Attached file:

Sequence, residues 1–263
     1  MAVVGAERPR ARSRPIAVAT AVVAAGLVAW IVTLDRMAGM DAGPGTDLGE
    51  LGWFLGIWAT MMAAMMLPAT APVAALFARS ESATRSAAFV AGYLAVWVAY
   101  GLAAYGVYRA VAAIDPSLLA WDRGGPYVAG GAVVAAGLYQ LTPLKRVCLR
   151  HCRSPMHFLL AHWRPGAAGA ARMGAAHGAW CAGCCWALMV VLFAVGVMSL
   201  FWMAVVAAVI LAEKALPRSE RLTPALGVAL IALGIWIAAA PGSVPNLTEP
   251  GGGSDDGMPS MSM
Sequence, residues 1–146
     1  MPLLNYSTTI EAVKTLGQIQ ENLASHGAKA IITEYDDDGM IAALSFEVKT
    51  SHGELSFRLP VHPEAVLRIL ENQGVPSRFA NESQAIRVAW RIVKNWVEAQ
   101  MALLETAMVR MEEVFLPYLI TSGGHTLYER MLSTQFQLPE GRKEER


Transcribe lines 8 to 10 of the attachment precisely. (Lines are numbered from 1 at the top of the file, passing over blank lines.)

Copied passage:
Sequence, residues 1–146
     1  MPLLNYSTTI EAVKTLGQIQ ENLASHGAKA IITEYDDDGM IAALSFEVKT
    51  SHGELSFRLP VHPEAVLRIL ENQGVPSRFA NESQAIRVAW RIVKNWVEAQ